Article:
If you want to do your best work, maybe four hours a day is enough

The growing ideal for our economies and societies is a machine-assisted, post-work world, where humans are liberated from routine labours to explore that which the robots can't do - mostly creative and caring activities (see Indra Adnan's Alternative Manifesto earlier this year). 

How do we get there, from our work-obsessed present? Well, perhaps we can come at it from the heart of work itself - that is, under what conditions do we do our best labours. Might those be less hours in any case, even before automation replaces our labours? 

Oliver Burkeman's Guardian column - surveying the landscape of self-help therapies and wellbeing practices - this week falls on the idea of the "four-hour working day". An excerpt below: 

How much proper brainwork – not zoning out in meetings, or reorganising the stationery cupboard, but work that involves really thinking – should you aim to get done in one day? It sounds like a trick question. We think of creativity as fundamentally mysterious, and of humans as extremely varied. Plus there are so many kinds of white-collar work: why assume the same answer for lawyers, academics, investment bankers and engineers? But the answer isn’t some sophisticated version of: “It depends.” The answer is four hours.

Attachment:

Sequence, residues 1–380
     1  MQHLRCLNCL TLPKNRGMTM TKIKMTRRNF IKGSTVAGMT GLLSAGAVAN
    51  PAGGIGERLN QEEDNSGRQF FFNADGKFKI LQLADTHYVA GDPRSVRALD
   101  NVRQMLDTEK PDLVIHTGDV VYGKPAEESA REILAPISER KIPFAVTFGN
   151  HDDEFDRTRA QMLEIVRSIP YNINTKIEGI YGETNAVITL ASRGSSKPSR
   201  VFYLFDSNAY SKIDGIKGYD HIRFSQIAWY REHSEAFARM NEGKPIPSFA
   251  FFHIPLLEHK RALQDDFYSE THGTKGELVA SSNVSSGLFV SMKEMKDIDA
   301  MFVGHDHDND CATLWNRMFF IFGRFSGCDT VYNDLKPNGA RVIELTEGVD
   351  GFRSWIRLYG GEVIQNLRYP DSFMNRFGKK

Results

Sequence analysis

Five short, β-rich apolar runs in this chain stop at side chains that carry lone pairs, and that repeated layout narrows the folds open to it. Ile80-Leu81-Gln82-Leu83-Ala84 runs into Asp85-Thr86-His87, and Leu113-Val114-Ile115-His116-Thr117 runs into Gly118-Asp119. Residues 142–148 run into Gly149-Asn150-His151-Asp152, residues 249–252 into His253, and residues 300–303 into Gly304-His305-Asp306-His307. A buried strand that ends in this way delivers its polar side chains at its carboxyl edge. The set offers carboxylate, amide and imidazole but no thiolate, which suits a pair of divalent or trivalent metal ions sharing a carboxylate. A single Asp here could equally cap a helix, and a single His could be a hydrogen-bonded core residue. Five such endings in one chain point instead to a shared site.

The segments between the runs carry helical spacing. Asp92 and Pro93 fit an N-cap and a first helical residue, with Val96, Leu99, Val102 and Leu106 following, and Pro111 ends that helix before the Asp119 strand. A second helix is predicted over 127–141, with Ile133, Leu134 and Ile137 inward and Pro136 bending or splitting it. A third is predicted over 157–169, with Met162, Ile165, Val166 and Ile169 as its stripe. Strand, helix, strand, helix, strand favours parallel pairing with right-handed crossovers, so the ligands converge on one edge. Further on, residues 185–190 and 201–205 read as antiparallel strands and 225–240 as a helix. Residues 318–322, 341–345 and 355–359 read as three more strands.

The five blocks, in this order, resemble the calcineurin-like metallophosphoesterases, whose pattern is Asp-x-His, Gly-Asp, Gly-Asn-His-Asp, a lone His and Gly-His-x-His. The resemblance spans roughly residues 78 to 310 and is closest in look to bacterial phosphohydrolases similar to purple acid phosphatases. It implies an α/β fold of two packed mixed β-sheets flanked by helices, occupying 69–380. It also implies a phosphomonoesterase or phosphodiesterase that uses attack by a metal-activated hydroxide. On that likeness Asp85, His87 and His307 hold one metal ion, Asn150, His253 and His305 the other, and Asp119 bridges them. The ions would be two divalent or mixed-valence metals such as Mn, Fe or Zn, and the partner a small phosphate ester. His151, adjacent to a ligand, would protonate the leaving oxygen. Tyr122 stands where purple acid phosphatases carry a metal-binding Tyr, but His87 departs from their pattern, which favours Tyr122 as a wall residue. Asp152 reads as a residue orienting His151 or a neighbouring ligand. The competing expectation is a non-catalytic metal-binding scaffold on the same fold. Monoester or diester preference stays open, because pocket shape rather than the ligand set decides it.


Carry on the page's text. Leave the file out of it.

That, anyway, is the persuasive conclusion reached by Alex Pang in his book Rest: Why You Get More Done When You Work Less. This column has evangelised before about the truth of that subtitle, what with the nine-to-five being a relic of the industrial revolution with no relevance to modern “knowledge work” – but what’s so striking about Pang’s argument is its specificity.

Ranging across history and creative fields, he keeps encountering the same thing. Charles Darwin workedfor two 90-minute periods in the morning, then an hour later on; the mathematician Henri Poincaré from 10am till noon then 5pm till 7pm; the same approximate stretch features in the daily routines of Thomas Jefferson, Alice Munro, John le Carré and many more.

To avoid charges of confirmation bias (what if he’s only mentioning those who prove his point?) Pang draws on the research of the Swedish psychologist Anders Ericsson, whose studies of violinists – also the basis for the much-debated “10,000-hour rule” – support the same finding. We’re rhythmic creatures, and the part of the cycle that involves not taxing the mind is no less essential to the result.

More here

Note: the graphic above is from the four-hour day campaign of the American Industrial Workers of the World, first begin in the 30s and 40s (see this Vice column for more background).